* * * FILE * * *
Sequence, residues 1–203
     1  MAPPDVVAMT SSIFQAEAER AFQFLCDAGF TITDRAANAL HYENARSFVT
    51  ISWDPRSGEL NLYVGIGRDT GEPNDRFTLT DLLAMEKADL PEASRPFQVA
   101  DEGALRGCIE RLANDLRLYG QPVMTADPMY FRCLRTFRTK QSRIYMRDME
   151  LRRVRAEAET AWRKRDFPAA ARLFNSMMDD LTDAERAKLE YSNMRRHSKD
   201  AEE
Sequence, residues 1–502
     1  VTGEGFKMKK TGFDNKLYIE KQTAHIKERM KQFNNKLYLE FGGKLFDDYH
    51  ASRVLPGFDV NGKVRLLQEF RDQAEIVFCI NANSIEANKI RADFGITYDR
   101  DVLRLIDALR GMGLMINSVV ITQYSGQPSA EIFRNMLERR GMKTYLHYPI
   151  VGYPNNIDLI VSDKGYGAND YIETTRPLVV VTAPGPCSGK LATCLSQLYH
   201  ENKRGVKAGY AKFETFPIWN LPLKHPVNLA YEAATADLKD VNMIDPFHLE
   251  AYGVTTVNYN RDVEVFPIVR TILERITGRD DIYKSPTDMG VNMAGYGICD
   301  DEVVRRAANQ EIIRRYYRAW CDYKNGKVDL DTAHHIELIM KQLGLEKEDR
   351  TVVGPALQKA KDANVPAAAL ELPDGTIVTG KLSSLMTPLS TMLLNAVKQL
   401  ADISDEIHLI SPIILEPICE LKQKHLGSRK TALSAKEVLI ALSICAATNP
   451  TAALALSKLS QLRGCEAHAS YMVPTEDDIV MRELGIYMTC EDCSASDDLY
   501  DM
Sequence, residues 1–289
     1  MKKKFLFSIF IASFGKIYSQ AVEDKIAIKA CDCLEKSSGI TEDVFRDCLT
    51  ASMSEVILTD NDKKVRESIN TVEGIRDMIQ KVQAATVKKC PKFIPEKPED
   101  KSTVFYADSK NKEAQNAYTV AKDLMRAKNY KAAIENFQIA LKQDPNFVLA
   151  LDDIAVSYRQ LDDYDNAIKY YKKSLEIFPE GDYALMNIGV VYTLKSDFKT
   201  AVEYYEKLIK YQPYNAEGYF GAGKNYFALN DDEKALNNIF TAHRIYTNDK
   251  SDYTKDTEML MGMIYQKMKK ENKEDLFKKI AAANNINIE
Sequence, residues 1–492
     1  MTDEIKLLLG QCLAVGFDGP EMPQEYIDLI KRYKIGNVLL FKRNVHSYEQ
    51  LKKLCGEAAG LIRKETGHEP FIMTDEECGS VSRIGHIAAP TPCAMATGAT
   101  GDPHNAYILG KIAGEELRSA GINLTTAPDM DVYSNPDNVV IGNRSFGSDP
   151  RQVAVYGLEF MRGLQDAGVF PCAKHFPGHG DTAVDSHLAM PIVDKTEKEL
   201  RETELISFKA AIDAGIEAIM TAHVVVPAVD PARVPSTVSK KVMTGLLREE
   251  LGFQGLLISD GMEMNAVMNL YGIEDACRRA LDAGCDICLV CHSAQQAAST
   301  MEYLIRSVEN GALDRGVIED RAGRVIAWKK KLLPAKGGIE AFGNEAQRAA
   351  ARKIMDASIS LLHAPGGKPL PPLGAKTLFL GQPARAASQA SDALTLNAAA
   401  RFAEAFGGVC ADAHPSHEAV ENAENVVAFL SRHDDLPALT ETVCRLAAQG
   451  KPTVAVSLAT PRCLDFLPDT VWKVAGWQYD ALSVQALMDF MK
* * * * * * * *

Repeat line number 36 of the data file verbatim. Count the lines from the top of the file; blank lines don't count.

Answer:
   451  KPTVAVSLAT PRCLDFLPDT VWKVAGWQYD ALSVQALMDF MK